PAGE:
Six months later, I arrived by bus at Cusco 3 days before the trek would depart. Weeks before I received an email, that I was expected to attend a briefing at the Alpaca Expeditions headquarters in Cusco. I would meet the guides and the rest of the group for a step by step explanation on what to expect on the trek. As I stepped in to the meeting room my first thought was: “oh boy, who invited these old farts?”. Yeah, I know, never judge books by their covers. Trust me, later on I would swallow all my thoughts and than some. I was the youngest in the room, by far. We sat together in an AA kind of circle, belting out our names, country of origin and age. When we were finished I counted in my head: 4 Americans, 3 Spaniards, 2 Germans, 2 Scots and of course me as a single Dutchie. With my 26 years I was the youngest, with a 9 year difference with the second youngest. The tour guides explained us how what we could expect the next couple of days. Day to day amount of miles we would cover, accommodations, what to pack, what to do to prevent altitude sickness (I dozed off a little there), everything was covered in an hour long lecture. After all questions were answered, we said our goodbyes and parted for 2 days. If only I had taken notes…
On the first day, I got picked up at 05:30 in the morning by minibus, and we were off to the starting point of the trek. After a long drive we finally arrived at the beginning of the trail, and we met the porters there for a good breakfast and coffee. Looking at the porters I felt a little uncomfortable, they were all shorter then me. They would carry our luggage, tents, food and equipment. Was that even possible for these guys? I felt a little guilty, but the guides ensured me they could handle it with ease. The breakfast was delicious: great coffee, eggs, toast, and quinoa. When we were all done eating, we took a group picture and were off.
This was just a fraction of the crap the porters had to carry.
Start of the Salkantay Trek
In the briefing was already mentioned that the first day would be tough with the getting out of bed early and the difference in altitude, but for the first 3 hours I felt fine. I did notice that almost everybody else from the group was faster and fitter, and got up the mountain a lot faster than me. After 3 hours things changed. I started to develop a headache with every step, and by the time we stopped for lunch I felt like my head could pop off at any minute. At lunch I barely ate, and struggled to even look straight. When the guides noticed me not eating anything, they told me to drink some coca tea and chew on some coca leaves. I can hear you think: “You cheater… did you do drugs?”. And my first reaction to the guides was a whisper: “Is that… uhm… legal?”. After ensuring me that it was not drugs but a natural plant that was used by all Peruvians as a medicine, I accepted. At this point I would have tried anything anyway. So after lunch I felt a little better, and continued to walk.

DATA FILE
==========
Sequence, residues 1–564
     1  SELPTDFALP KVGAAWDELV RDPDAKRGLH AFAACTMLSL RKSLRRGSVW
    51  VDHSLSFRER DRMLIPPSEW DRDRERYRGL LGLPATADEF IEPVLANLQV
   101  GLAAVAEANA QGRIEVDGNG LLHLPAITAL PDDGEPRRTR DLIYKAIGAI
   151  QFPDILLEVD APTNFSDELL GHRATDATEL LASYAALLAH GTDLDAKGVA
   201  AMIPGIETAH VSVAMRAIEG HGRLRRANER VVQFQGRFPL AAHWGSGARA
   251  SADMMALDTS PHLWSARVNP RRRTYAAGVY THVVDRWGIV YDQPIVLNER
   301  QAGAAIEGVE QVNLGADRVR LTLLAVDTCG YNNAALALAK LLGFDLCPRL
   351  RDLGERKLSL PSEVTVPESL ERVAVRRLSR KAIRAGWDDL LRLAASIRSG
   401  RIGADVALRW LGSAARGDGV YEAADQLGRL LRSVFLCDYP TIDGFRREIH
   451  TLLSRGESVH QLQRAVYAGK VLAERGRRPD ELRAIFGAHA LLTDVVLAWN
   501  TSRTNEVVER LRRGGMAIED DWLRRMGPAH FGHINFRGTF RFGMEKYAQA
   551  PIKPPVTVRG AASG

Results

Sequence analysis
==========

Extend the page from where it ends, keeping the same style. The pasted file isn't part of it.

Now when people say that coca leaves are just harmless little leaves from a tree and that it is a wonderful medicine, they are probably right… if you take 2 or 3 leaves. I was so excited that the leaves relieved my headache, that I chewed a couple more. And by a couple, I mean a total of 12 coca leaves. After 12 coca leaves, the right side of my face started to feel a little numb, my head a little light, and my stomach a little ill. So I spat them out, and continued with an upset stomach, headache and numbed face. On the first day… wheezing, cursing, and calling the Salkantay a bitch. When we finally arrived at the campsite (around 18:00) for the night I didn’t have any dinner and crashed in my tent, while the rest of the group sat down and ate. Lying on my back in the tent at that moment I thought: “Who’s the old fart now?” and slept all trough the night.
NEXT WEEK ARTICLE 2 OF 3 ON THE SALKANTAY TREK!